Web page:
Socialist Alliance candidate Sue Bolton was elected to Moreland City Council in Melbourne’s northern suburbs in the October 27 elections.
The election provided a shake-up with the ALP losing three councillors and its outright majority on council. The Greens retained two councillors although their vote dropped in all three wards.
The Socialist Alliance gained its first councillor position in Victoria and a Liberal Party member was elected to Moreland Council for the first time. The Democratic Labor Party retained its councillor.
Bolton received 9.5% of the first preference votes in the council’s north-east ward, which covers Coburg, Fawkner and part of Brunswick. Twenty-four candidates contested the four available positions in the ward.
Bolton came third on first-preference votes, behind Greens candidate Lenka Thompson with 14.37% and Australian Labor Party member Michael Teti with 10.42%. Liberal Party member Rob Thompson got 9.39%.
Although the ALP candidates generally exchanged preferences, a large number of people who gave their first preference to an ALP candidate disregarded the how-to-vote cards and gave their second preference to Bolton.
Unlike Bolton, who clearly campaigned as a Socialist Alliance candidate, the Liberal candidate, Rob Thompson, campaigned as an “independent”. Thompson had a large budget for big posters and billboards of him wearing a fluoro vest. On polling booths, Thompson’s booth workers all wore fluoro vests. Many of his voters wouldn’t have realised that he was a Liberal candidate.
Socialist Alliance campaigned on the theme of “community need, not developer greed”.
It called for a campaigning council that would fight for issues such as mandatory height limits on new developments, improved public transport in the area, opposition to the privatisation of public housing, an end to privatisation of council services such as rubbish collection, no increase in residential rates beyond the rate of inflation, while making gambling venues, developers and big business pay more rates.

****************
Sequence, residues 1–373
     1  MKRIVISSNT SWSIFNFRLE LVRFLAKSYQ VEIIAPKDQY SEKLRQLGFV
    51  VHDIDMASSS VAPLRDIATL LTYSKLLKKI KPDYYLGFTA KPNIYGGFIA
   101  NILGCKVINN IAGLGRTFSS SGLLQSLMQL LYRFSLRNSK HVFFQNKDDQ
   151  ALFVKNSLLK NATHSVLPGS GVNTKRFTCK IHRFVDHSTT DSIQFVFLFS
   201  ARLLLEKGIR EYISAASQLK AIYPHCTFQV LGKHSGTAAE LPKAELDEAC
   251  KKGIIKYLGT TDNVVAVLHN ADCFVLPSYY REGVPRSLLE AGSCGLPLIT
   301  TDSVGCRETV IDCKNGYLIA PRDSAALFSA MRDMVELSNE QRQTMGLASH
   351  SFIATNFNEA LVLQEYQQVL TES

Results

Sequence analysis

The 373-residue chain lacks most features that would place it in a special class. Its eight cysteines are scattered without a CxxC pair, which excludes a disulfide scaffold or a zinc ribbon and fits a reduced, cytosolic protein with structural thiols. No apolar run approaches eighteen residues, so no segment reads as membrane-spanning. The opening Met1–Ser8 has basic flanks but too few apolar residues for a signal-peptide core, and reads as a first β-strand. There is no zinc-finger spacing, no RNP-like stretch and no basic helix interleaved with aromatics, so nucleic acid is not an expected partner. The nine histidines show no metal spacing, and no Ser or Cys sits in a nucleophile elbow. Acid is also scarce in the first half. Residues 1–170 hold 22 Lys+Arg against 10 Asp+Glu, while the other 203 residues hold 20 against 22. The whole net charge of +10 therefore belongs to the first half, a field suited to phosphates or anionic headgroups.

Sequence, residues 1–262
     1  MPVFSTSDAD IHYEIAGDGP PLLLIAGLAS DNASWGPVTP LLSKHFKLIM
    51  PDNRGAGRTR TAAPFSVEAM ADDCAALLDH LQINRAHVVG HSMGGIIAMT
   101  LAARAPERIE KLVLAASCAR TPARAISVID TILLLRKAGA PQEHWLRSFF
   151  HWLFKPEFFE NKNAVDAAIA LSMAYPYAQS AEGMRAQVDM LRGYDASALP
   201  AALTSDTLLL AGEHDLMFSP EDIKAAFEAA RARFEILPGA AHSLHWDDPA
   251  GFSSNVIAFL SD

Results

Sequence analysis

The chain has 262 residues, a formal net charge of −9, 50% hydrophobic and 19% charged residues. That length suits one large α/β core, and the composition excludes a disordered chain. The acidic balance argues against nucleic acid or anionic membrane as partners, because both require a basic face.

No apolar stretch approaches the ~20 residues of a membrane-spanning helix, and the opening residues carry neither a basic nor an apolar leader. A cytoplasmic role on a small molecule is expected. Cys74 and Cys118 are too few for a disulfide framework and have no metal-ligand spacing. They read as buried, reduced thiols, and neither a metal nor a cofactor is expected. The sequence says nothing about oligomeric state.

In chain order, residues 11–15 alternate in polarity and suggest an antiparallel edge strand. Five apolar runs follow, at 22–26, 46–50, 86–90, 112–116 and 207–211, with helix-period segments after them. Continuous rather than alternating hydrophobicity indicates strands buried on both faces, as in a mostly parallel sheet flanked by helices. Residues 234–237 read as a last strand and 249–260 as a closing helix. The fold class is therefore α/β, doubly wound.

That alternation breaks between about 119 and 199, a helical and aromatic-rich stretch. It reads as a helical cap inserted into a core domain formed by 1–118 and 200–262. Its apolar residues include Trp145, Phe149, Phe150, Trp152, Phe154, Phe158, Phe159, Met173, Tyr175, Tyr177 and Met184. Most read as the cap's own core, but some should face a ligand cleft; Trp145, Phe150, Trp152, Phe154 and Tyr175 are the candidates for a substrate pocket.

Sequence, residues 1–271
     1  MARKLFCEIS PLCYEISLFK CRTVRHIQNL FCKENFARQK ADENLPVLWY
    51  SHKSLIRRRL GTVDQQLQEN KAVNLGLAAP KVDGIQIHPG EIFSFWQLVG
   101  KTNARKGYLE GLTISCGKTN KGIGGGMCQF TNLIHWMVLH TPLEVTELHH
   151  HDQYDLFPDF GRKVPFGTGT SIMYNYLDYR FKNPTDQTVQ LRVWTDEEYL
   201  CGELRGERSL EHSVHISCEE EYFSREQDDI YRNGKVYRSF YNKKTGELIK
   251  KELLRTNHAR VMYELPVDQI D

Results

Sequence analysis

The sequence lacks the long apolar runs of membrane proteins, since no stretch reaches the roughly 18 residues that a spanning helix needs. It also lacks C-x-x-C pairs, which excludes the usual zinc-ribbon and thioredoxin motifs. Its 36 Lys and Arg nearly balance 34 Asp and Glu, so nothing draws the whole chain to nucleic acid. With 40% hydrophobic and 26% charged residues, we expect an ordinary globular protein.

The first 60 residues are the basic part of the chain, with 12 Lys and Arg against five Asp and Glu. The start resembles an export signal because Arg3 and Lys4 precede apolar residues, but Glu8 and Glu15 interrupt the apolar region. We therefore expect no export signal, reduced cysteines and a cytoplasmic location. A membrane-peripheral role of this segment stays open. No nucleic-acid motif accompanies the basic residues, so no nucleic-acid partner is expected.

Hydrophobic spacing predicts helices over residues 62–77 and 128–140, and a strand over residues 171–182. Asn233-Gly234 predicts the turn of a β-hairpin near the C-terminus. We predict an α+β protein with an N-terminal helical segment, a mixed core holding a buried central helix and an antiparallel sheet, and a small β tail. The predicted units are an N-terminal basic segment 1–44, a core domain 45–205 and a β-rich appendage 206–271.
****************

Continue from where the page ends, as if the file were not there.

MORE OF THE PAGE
While taking up a range of local issues, Socialist Alliance also called for council to stand in solidarity with the Palestinian people by banning contracts with companies such as Veolia that support the Israeli occupation of Palestinian land.
More than 70 people helped with the campaign. Bolton said the campaign had received support from activists in unions and a range of other groups campaigning around issues such as public housing, education, refugee rights, Aboriginal rights and others. It also attracted activists involved in international solidarity campaigns, such as those for the rights of Tamils, Kurds, and other oppressed groups.
Bolton said that this support was a result of Socialist Alliance’s history of building such campaigns. She said, “I intend to be an activist councillor. I will work with community groups to fight for the rights of residents”.
Bolton said there had been a backlash against the Greens as well as Labor in Moreland, particularly in the southern ward, because they were seen as failing to stand up for residents against inappropriate development.
Pointing to the strong votes for the Socialist Party in Yarra council and for Socialist Alliance candidate Sue Bull in Geelong, Bolton said this shows that “people will support a socialist approach to issues facing working people”.